Catching up with the Cinder-Crew worked in well considering that Scarlet isn’t truly a sequel to the first installment, but rather a parallel timeline that slightly overlaps where we left off in book 1. Scarlet isn’t the only who meets a new man, Cinder stumbles across a guy too….while she was breaking out of prison. The discovery of her Lunar heritage and the events surrounding the coronation landed her in jail until Levana could deal with her, as dictated by an older Earthen/Lunar agreement which prevents the harboring of Lunars on earth. With the help of fellow inmate, Carswell Thorne and Dr. Erland, Cinder begins a journey to find answers about her past.

So many things happened book 2 that I couldn’t summarize every aspect without rewriting an entire novel, but one major event was an act of world-war treacherously ordered by Queen Levana in the middle of the night. To take her stand against Cinder, Kai and the perceived injustices of the Commonwealth, the Lunar Queen uses an army of super-soldiers to slaughter thousands of Earthens on each continent. Kai offers to make the ultimate sacrifice to end the world-wide siege, and nearly breaks Cinder’s heart in the process.  

This series is so addicting that I had to ensure that book 3 was downloaded before Scarlet was even over! It’s interesting to see how the original characters interact and grow alongside the newbies. While some things are expected, like people falling in love or disagreeing, other topics are nice surprises. The depth of each character isn’t sacrificed to ensure that each has their story told individually. I think it helps that they are all around the same general age, have experienced hardships and disappointments, and have a desire to see a better Earth free from the Lunar Queen.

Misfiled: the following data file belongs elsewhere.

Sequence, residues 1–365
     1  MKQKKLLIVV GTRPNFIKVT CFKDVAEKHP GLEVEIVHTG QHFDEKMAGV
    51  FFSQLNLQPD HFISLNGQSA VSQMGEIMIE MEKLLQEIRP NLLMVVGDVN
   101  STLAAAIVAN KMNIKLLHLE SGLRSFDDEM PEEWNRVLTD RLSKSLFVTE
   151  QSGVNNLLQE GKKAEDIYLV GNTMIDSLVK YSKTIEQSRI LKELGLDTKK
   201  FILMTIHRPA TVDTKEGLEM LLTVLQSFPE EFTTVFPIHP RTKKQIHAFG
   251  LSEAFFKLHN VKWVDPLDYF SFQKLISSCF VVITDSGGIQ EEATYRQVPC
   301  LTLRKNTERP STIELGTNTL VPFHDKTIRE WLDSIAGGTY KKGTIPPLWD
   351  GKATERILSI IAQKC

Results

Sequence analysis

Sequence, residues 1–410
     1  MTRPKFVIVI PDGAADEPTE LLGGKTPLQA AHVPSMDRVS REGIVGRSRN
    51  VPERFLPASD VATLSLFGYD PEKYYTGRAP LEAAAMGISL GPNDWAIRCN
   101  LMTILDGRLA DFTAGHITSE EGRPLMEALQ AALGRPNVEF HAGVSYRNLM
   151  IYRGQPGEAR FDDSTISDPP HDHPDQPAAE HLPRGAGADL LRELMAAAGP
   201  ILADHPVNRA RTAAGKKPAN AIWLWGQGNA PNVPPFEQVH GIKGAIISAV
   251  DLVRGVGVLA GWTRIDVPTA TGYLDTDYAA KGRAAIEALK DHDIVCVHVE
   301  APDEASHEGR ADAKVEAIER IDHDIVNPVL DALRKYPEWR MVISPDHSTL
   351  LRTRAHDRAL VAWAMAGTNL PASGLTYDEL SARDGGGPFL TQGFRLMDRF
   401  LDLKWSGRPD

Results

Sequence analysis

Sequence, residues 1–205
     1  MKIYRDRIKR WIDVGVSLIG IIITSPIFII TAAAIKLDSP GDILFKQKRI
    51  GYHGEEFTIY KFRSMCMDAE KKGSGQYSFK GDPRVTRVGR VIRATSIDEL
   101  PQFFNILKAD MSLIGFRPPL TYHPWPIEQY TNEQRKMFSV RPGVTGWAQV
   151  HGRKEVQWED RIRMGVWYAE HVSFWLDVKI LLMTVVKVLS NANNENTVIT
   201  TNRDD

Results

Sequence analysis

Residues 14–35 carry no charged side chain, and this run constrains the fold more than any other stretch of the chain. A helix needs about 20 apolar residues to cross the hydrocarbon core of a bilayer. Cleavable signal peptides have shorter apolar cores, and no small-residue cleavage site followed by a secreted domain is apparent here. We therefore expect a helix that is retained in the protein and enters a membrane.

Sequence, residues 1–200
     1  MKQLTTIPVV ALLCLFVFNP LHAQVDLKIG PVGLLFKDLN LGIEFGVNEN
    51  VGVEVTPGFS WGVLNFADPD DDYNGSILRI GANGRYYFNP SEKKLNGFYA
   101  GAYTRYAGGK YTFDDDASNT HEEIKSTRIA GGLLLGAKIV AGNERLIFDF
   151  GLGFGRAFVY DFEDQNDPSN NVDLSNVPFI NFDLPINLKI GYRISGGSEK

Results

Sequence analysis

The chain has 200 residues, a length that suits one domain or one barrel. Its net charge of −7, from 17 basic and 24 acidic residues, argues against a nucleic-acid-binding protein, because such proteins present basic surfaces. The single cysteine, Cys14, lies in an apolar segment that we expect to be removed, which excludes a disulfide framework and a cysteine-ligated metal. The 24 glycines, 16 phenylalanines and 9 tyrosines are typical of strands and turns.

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4.5 star review, Books By Rating

Book Review: Cinder by Marissa Meyer Lunar Chronicles 1(audio)

 

Hello hello! It has been a long time since I’ve had something to write about, but I figured tonight’s the night. I’ve been extremely busy wrapping up my final semester of grad school and time to read an actual book is scarce. I have picked up the habit of listening to audiobooks during my commute and I think I’m hooked. As an avid reader I can’t honestly say that I have read no books, but there hasn’t been anything new or fresh on my reading list. If anybody’s interested in my recent go-to picks, the “Carpathian” series by Christine Feehan is always a good choice and I am never disappointed. There are so many different family lines, story lines, and just a good variety in each book that she writes. Each title that I have read has had enough romance and sensuality in it to make it interesting, but not enough to make it smut.